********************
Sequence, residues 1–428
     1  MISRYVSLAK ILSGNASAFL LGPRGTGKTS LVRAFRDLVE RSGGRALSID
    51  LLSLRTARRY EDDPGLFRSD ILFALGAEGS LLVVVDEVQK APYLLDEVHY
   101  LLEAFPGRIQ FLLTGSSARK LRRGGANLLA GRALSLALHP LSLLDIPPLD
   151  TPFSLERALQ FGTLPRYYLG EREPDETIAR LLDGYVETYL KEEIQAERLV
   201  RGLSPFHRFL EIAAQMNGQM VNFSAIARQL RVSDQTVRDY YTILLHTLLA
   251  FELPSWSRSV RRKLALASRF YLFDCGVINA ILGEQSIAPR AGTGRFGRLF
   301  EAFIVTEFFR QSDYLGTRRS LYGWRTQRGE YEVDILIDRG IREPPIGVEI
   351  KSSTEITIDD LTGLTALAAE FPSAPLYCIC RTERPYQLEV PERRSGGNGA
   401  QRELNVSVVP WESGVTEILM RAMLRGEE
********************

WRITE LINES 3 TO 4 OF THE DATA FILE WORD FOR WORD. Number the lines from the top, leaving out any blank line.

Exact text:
    51  LLSLRTARRY EDDPGLFRSD ILFALGAEGS LLVVVDEVQK APYLLDEVHY
   101  LLEAFPGRIQ FLLTGSSARK LRRGGANLLA GRALSLALHP LSLLDIPPLD